Expensive prize box maintenance, complex class rewards systems, and the management of brag tags are not my jam. Creating a classroom economy system that helps students practice money management, focuses on job responsibilities, and rewards students in meaningful ways is a much better use of instructional time. Here are a few tips for developing a classroom economy system that will help you do just that.
Jobs & Training
Your first step is to brainstorm all the jobs you want students to complete in the classroom. As you brainstorm, try to think of all the tasks you might need to do before, during, and after school that students can complete themselves (after you train them). Creating classroom jobs that have meaning not only makes your task list shorter, it helps students feel they are meaningful contributors to the daily maintenance of a smooth-running classroom. This translates to a greater respect for classroom property, and more buy-in when you teach students how to stay organized, tidy, and efficient.
Next, take time to train students on classroom jobs by having them watch you do each job for the first few days. Use an interactive modeling approach to help students understand the exact thinking and skills required for each job. Creating job cards that have a checklist of tasks helps students complete jobs effectively throughout the year.
Also decide how often you want to rotate jobs. In my classroom, we have a few jobs that change on a weekly basis (indicated with green job cards) and other jobs that change every month (indicated with blue job cards). The long-term jobs are more complex, pay more money, and require the demonstration of responsibility and respect on a consistent basis.
In order to be hired for a long term job, students simply complete an application listing their qualifications. I keep a file of student applications and a quick reference list of qualified candidates for each long-term job so I know who to hire when these important positions rotate every month. If students wish to “resign” from a long-term job because they feel it isn’t a match for them, they must give me their verbal resignation and finish their placement until the end of that week.
Once jobs have been assigned, and students are trained, it is time to create a system for delivering class job payments. Is it easiest for you to pay students every week or every month? Do you want to deliver cash to their desks, to mailboxes, or to pockets? Will you be responsible for payments or will that be a class job?
Every Friday, during tidy up time, our class Payroll Courier places payments in each job pocket. Our job cards include the salary for each job so this process is expedited and accurate. After each student is paid, I rotate the green (weekly) job cards to the next available student. During the first week of each month, I also rotate the blue (long term) job cards to students who have applied for them.
On Monday morning, after students complete their Number of the Day Binder for bellwork, they walk over to collect last week’s payment and read their job card for the week ahead. Students stash their hard-earned cash in a wallet, which is kept in their desk.
Passes & Purchasing
After your training and payment system is established, hold a class brainstorm session so students can think up different class passes they are interested in purchasing with their class cash. Remind students to think of realistic rewards that won’t cost money.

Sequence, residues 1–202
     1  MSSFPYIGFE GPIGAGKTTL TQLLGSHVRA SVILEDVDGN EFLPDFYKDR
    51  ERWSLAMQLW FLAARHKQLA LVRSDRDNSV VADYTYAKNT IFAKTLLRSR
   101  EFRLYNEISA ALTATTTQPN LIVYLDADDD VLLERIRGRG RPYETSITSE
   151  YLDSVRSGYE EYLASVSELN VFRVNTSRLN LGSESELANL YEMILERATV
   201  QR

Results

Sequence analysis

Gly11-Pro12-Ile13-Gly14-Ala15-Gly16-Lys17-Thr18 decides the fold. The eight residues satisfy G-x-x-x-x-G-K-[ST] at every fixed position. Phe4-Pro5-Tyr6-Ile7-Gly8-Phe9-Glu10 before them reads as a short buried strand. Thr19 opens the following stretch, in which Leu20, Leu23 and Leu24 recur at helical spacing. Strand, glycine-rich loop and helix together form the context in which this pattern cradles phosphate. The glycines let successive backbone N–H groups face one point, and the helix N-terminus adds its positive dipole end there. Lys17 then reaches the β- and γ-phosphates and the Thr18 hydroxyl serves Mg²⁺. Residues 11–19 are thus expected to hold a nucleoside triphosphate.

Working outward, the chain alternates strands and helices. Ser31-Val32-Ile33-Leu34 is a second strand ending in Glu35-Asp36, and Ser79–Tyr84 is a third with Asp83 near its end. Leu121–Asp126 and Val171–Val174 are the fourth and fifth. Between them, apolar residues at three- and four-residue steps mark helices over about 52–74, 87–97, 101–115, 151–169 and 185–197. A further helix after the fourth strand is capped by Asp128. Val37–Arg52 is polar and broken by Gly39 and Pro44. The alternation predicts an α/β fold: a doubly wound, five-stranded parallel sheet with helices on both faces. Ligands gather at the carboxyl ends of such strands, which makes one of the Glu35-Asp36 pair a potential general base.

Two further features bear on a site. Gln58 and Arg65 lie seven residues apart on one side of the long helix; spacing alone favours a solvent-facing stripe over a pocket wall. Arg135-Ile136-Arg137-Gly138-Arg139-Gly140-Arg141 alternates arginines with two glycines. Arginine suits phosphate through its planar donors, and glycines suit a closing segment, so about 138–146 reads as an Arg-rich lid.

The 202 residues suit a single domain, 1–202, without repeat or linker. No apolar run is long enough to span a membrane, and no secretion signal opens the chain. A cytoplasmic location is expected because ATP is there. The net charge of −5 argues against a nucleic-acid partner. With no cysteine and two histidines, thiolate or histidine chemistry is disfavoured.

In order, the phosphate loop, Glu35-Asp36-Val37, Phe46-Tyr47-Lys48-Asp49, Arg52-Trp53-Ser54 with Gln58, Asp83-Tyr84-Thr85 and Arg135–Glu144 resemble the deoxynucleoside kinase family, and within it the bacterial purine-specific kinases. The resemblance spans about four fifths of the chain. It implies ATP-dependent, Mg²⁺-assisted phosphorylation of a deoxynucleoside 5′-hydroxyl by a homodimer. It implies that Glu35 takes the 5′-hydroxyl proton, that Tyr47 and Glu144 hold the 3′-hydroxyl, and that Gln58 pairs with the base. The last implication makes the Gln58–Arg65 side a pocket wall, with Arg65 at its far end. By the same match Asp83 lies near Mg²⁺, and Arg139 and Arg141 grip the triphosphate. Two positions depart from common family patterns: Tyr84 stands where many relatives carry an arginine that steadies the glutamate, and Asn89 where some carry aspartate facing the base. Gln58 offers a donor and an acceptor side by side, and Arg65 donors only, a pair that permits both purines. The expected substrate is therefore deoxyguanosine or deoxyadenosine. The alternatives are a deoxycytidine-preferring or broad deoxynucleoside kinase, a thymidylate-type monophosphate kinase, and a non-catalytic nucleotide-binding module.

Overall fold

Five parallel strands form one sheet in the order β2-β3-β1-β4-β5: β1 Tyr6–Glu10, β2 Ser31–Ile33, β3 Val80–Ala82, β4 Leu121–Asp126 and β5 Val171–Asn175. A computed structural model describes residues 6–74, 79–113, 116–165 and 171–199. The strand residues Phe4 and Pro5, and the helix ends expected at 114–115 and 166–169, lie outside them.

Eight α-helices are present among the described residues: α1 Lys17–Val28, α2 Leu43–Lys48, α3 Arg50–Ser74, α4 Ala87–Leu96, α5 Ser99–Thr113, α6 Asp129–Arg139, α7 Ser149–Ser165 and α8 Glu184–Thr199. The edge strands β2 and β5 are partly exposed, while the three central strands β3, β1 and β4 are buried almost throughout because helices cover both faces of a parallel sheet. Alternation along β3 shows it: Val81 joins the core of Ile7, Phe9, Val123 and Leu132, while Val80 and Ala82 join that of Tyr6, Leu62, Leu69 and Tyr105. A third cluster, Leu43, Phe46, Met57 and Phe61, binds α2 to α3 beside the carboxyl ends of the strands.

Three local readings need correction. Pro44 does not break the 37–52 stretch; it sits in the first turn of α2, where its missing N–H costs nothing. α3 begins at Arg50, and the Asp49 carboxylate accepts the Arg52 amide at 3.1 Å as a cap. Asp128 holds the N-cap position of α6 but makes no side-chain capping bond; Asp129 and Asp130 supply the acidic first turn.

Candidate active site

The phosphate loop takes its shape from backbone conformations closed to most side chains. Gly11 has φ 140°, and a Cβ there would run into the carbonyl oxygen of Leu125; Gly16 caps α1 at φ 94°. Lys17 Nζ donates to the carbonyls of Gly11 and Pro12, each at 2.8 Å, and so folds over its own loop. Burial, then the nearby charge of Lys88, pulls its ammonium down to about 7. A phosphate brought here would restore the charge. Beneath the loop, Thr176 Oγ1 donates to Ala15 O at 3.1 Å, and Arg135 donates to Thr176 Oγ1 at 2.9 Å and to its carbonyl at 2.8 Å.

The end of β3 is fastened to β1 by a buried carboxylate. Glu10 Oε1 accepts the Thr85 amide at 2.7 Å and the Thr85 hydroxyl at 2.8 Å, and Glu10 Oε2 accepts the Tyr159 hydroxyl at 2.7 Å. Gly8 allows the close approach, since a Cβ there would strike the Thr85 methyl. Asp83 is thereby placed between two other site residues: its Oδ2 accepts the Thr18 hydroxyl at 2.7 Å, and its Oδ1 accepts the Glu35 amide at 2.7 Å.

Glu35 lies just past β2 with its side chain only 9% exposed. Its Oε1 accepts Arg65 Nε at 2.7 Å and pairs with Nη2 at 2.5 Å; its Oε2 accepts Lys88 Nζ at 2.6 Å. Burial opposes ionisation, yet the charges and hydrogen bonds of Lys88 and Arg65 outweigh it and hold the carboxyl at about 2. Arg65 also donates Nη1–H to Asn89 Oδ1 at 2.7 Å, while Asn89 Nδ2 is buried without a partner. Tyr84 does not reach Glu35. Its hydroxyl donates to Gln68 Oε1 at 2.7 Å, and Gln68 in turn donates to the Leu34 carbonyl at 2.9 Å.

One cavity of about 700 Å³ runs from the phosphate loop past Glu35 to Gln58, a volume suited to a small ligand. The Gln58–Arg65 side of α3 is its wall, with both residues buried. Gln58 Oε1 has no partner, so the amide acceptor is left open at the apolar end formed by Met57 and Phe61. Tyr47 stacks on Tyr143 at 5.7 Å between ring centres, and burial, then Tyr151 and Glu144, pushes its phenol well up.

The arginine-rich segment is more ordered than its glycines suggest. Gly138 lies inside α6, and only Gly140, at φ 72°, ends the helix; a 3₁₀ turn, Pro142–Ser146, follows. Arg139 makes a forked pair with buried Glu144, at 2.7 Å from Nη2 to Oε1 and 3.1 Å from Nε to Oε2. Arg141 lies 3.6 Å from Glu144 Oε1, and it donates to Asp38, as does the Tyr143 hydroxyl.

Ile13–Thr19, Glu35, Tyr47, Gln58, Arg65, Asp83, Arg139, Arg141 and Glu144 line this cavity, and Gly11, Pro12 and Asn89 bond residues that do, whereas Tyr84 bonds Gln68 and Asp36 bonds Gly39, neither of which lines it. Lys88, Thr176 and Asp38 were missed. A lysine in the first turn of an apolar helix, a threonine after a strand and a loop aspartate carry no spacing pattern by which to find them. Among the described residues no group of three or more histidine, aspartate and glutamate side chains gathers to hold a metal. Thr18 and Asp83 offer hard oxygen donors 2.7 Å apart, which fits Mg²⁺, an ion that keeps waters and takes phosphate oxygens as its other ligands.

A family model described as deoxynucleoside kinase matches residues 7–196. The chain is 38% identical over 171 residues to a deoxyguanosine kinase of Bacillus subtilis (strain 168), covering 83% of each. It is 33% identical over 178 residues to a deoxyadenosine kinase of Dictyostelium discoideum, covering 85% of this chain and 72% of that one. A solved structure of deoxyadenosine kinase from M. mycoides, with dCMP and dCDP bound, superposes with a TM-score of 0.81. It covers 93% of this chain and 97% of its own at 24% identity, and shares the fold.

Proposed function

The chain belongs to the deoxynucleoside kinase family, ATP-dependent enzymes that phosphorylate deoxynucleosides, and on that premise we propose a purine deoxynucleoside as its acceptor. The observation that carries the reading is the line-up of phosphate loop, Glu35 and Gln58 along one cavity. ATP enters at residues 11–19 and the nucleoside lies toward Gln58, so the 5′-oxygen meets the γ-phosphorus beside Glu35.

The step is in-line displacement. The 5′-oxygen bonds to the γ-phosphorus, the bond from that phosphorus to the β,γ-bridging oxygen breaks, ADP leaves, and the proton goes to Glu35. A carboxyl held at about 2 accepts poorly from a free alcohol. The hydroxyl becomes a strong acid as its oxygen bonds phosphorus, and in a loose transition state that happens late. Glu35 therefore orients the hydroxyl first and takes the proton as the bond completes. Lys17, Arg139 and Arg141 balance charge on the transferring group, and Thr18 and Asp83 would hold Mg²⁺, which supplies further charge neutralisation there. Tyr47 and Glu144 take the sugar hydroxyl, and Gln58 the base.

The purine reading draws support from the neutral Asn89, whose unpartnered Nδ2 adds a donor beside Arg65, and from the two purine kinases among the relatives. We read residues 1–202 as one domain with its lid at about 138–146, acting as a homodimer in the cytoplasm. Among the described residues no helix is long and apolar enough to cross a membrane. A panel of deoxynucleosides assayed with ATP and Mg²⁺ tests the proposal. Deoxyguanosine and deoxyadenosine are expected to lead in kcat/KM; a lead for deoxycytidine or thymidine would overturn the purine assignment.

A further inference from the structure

After you collect their ideas, narrow them down to the selection you can realistically provide, and assign a dollar amount to each pass. A good rule of thumb is for your cheapest pass to be purchasable with one week’s salary and your most expensive pass to be purchasable after saving for a couple months. This provides the opportunity for conversations about spending and saving.
Once your passes are designed and printed, set a routine for how often students will be able to purchase passes.
Every other Friday after lunch, our Classroom Market opens for business. This is a 20 minute block of time when students can use their cash to purchase class passes and make cash exchanges.
I highly recommend setting a firm limit on the amount of time each group has to make purchases. If you don’t, a half hour or more will slip by in a flash. In our classroom, I give each group of six students four minutes to shop for passes. While groups are shopping, other students are expected to silently fill out job applications, complete any work in progress, or read to self.
You may also want to set expectations for what students can do after they have purchased a pass. Can they hang their pass on the board immediately? Can they use multiple passes on the same day? Are they allowed to trade passes with peers? Are they allowed to return passes for a refund? Can they sell their passes to their peers?
In my third grade class, I only allow students to hang passes on the board for the first 15 minutes of the day while we are doing morning work. They are allowed to use as many passes within one day as they’d like. They are not allowed to trade passes with peers, sell their passes to peers, or return their passes for a refund. I find these expectations create a smooth-running system and eliminate classroom economy disagreements.
If you are looking to implement a classroom economy system that is efficient, requires little maintenance, boosts student responsibility, and gives students practice with money management, simply implement the steps above. Your students will love being involved in this meaningful experience. Parents will appreciate the real-world skills students gain from your mini economy. You will have a few extra minutes to plan meaningful instruction in your smooth-running, tidy classroom.